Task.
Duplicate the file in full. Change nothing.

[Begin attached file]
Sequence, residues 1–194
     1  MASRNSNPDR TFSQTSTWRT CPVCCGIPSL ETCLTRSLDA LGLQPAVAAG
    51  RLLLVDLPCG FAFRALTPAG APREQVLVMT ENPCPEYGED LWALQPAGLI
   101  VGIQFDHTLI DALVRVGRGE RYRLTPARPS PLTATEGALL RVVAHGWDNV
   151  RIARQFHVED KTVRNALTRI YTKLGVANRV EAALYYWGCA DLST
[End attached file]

Sequence, residues 1–194
     1  MASRNSNPDR TFSQTSTWRT CPVCCGIPSL ETCLTRSLDA LGLQPAVAAG
    51  RLLLVDLPCG FAFRALTPAG APREQVLVMT ENPCPEYGED LWALQPAGLI
   101  VGIQFDHTLI DALVRVGRGE RYRLTPARPS PLTATEGALL RVVAHGWDNV
   151  RIARQFHVED KTVRNALTRI YTKLGVANRV EAALYYWGCA DLST